A visit to the dark side…
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Jayne Keeney is an Australian woman working as a PI in Bangkok in Thailand. While she is recovering from an injury she received in the course of an investigation, she decides to visit her best friend Didier in Chiang Mai. After a rather strange and disturbing evening in the gay bars behind the Night Bazaar, Didier’s Thai lover, Nou, is found dead and horrifically mutilated. Worse still, Didier is accused of the crime by the police, who shoot him dead, claiming he was resisting arrest. Jayne is determined to clear her friend’s name, so must try to find out who really killed Nou, and why.
I shall start with my usual disclaimer – I know the author, Angela Savage, via our blogs, so you should assume that there may be some bias in my review. However, as always, I’ll try to be as honest as possible. Although Angela has written three novels in this series, this one was her début and is the first one I’ve read.
Despite the PI set-up, the book isn’t really a mystery – we find out who and why quite early on. The real story is about how Jayne navigates her way through the corruption at all levels of society in an attempt to force the authorities to clear Didier’s name. It’s set amid the seamy side of Thai life – prostitution, including child prostitution, police corruption, and foreign sex tourism. Savage pulls no punches, making it something of a grim read, grittier than my personal taste normally runs to. There is also some graphic sex and a sprinkling of strong language.
Didier has been doing outreach work to try to minimise the spread of AIDS not only in the gay community but in the wider Thai society. This has led him to become involved in a project to look at the underlying causes of the massive sex industry in the country and it’s here that the motivation lies. Savage raises some interesting questions, especially around the subject of foreign involvement in the sex industry, as both providers and users, and the attempts of foreign law enforcement agencies to intervene.
To be honest, the little I know about Thailand comes from the various horror stories surrounding sex tourism by sad old perverts and revolting paedophiles that have hit the British news over the decades and I had been hoping that I might get some insights into other aspects of Thai life (I assume there must be some!), but because of the focus of this plot, that wasn’t the case here. So to an extent it reinforced my existing impression of Thailand as a place that I would avoid like the plague. I will be interested to see if the later books in the series will widen the focus to let us see a more enticing side to the country.
It feels very well researched and the picture of this aspect of Thai life feels unfortunately all too believable. The character of Jayne is well developed – she’s strong without having superwoman tendencies, independent but not a loner and, while she’s courageous, we are also allowed to see her fear, which keeps her human and likeable. The writing is very good – happily it’s written in third person, past tense. The story flows well, never dipping into ‘soggy middle’ territory, and Savage manages to keep Jayne’s grief over Didier’s death feeling real without wallowing in the angsty morass so beloved of some of our contemporary crime writers.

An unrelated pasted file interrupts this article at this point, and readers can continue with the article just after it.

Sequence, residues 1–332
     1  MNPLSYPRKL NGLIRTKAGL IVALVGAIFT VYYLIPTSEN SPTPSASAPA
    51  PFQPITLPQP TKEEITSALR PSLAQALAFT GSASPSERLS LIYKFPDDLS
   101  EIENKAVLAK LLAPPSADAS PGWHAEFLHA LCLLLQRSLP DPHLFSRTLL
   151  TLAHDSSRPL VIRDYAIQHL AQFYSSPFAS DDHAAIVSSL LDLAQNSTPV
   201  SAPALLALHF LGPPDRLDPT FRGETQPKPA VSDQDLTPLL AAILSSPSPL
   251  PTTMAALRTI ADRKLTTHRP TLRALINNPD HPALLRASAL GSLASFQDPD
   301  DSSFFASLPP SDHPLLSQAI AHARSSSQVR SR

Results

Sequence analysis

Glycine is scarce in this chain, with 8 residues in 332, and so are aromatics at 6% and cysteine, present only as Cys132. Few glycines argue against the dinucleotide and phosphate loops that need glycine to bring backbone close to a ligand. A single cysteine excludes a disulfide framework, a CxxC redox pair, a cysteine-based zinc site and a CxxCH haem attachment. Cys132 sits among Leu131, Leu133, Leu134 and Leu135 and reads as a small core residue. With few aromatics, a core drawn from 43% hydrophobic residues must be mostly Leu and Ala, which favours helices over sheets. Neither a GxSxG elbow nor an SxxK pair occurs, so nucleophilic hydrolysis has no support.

The book paints an excellent picture of how corruption in the police force allows child prostitution and other forms of sex slavery to thrive, but Savage also highlights that not all sex workers are forced into it – many choose the life because they can earn more that way. Without getting overly preachy, Savage through her characters suggests that poverty is the root cause – while I don’t disagree, I felt she took a rather more forgiving approach than I can to parents who sell eight and nine year old girls to the highest bidder, whatever the reason. The foreign sex tourists and the police come off as the baddies – personally I struggled to spot any “goodies”. I was a little disappointed that even Jayne seemed more concerned about Didier’s good name than about the abuse of children, although I do think that’s more realistic than if she’d been portrayed as a moral crusader – a foreign white knight riding to rescue the Thai people from themselves.
The subject matter meant that for me it was more of a thought-provoking read than an enjoyable one. As you may be able to tell from my review, it inspired me to rant about the sexual exploitation – no, let’s call it what it is – the rape of children (even though I’ve edited out about five hundred words of the worst of my frothing at the mouth – kind of me, I’m sure you’ll agree). But on the whole, Savage gets a good balance between the examination of the social issues and the telling of an interesting story, and none of the grittier elements feel gratuitous or voyeuristic. A well-written and intriguing look at the seamier side of Thai culture that will appeal to those who like their crime fiction dark. Recommended, and I look forward to seeing how the series develops.